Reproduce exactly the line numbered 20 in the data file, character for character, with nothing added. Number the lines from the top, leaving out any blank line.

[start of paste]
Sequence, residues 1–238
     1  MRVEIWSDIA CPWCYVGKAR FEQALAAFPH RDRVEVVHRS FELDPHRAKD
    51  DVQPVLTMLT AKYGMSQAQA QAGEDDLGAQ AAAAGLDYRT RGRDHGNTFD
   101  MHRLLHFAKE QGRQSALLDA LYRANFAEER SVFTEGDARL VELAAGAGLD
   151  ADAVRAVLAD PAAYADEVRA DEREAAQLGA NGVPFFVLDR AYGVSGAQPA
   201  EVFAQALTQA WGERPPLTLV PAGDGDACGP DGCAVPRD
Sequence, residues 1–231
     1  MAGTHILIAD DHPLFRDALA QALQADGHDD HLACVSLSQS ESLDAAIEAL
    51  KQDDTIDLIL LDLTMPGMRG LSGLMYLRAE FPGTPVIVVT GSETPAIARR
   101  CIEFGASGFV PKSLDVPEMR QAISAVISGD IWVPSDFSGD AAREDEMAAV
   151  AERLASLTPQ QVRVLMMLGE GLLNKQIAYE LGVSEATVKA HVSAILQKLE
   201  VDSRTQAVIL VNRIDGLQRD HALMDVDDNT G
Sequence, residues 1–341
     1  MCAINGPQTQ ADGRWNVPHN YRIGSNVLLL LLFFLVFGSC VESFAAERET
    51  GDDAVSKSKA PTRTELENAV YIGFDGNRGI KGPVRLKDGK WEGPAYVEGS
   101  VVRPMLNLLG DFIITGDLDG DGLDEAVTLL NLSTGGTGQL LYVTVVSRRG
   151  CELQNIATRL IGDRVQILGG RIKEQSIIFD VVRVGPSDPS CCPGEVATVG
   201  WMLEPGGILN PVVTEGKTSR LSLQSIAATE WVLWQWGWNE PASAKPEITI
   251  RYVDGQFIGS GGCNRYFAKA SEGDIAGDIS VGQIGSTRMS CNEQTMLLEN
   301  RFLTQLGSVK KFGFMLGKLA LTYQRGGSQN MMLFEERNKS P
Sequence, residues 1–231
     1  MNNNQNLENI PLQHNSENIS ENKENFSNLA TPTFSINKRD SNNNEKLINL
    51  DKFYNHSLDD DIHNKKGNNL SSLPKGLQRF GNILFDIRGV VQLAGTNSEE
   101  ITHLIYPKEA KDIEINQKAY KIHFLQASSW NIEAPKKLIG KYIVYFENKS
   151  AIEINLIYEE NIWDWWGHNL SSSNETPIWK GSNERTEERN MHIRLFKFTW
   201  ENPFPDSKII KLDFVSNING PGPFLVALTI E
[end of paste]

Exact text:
   301  RFLTQLGSVK KFGFMLGKLA LTYQRGGSQN MMLFEERNKS P